Friday, January 20, 2012

Common Core Standards - The Good, the Bad, the Ugly

 ***Don’t miss Dr. Lisa Leith’s webinar, “Common Core Standards: Equity and Opportunities” on January 31st!***

In regards to the Common Core Standards, the good news is great, the bad news is terrible, and the ugly . . . well, it’s unthinkable. Whether good, bad, or ugly, the Common Core Standards are exactly what we make of them, and the Standards depend entirely on how we map them. 

Allow me to explain.

 The Good

Our first charge vis-à-vis the Common Core is to redefine the connotations behind the word “standards.” Do we have a common purpose? Are we working toward the same goal? If so, then we have a standard. Gone are days where we live from class period to class period, praying that enough of our students pass. If we are measuring students on a pass/fail rubric, then we are intentionally labeling some students as failing.

The Common Core Standards give us an opportunity—a choice—to reclaim the classroom and the learning process and do what we are so passionately involved in doing. But the Common Core Standards as they are written on paper are useless—I repeat, useless—without a breathing, customizable plan or map that changes year by year or even day by day to answer the needs of our students.

The good news is that teachers have more authority and power to mold a classroom around what they know they need to teach rather than following mandates. With effective curriculum mapping, teachers are using the Standards to turn classrooms around. For many it will require a different kind of pedagogy, philosophy, and strategy, but we have already seen enormous benefits from it.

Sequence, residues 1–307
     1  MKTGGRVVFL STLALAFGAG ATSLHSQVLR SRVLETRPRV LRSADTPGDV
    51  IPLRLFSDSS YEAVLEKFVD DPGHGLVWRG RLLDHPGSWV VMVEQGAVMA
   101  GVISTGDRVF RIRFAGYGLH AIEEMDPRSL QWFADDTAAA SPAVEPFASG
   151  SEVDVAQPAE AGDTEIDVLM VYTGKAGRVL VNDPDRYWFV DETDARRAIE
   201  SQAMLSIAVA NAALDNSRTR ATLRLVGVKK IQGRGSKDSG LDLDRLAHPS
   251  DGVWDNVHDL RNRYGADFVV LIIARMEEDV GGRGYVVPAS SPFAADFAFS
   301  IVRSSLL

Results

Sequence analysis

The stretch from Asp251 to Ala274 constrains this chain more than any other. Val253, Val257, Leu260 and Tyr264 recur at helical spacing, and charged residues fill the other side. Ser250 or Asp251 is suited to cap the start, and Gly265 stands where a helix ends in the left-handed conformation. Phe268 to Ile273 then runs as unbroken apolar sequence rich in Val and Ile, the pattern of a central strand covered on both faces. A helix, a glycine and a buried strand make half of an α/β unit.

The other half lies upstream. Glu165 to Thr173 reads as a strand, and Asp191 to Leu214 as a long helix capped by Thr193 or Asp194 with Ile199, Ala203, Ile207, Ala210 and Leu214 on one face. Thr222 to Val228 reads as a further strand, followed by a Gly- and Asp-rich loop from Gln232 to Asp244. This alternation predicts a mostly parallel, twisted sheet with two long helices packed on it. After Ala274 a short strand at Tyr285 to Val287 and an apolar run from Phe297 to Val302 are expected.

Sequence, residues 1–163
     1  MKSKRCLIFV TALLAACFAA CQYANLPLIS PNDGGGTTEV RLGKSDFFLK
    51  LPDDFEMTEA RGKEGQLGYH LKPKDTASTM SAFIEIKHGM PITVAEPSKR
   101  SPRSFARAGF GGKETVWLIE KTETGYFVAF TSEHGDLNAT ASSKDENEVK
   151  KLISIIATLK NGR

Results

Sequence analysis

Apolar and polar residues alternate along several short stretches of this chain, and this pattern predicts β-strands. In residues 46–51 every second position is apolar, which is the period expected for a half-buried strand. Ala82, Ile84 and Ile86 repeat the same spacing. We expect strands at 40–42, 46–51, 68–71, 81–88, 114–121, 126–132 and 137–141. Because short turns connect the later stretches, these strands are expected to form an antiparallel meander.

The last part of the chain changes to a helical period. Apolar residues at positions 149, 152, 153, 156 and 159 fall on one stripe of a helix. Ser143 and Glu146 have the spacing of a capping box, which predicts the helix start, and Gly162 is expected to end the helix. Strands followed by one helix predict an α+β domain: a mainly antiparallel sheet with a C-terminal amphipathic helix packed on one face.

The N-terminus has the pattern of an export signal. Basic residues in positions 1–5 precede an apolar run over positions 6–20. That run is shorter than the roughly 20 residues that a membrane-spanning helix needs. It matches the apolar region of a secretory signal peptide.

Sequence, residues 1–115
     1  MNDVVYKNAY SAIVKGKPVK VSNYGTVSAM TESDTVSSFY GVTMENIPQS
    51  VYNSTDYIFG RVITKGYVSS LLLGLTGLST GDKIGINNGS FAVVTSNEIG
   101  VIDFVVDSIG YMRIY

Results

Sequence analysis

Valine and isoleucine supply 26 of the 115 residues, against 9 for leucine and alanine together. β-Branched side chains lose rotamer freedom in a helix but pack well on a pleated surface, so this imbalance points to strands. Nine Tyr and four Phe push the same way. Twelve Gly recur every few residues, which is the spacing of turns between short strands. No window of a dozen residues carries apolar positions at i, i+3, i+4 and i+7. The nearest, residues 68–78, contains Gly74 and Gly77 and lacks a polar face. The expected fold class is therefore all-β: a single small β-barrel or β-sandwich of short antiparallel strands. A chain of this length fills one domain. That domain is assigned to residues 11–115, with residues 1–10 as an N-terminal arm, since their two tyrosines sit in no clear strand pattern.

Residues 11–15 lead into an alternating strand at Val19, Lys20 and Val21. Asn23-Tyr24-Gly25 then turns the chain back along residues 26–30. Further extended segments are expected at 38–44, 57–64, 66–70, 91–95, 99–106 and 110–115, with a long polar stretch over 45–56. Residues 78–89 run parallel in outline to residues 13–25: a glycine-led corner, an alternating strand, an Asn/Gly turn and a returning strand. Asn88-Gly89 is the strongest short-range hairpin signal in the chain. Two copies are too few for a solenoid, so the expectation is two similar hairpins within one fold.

The Bad

The bad news is not that students will be assessed according to the Common Core. The bad news is that teachers work in isolation, or at least they do not collaborate effectively and frequently. Teachers working in isolation cannot use the Standards or their curriculum maps to the fullest potential, and teachers are not using assessments to improve teaching methods.

The irony is that teachers work together across grades, subjects, and departments every day, whether they do so intentionally or not. The constant flow of students necessarily carries enormous implications, and teachers are not capitalizing on one of the greatest opportunities to intentionally impact student learning. The Common Core Standards—and sustained student learning—require teacher collaboration to survive.

The Ugly

The most unthinkable thing that we can do to our students is to simply comply with the Standards instead of embracing them. 

Compliance alone is indicative of not understanding how closely the purposes of the Standards are aligned with your own—to prepare students for college and a career. Issuing a book labeled with “Common Core” is not enough, because it will never answer the needs of each student. Love or hate the Standards as you will, but do not let your students’ education pass them by.

***Don’t miss Dr. Lisa Leith’s webinar, “Common Core Standards: Equity and Opportunities” on January 31st!***

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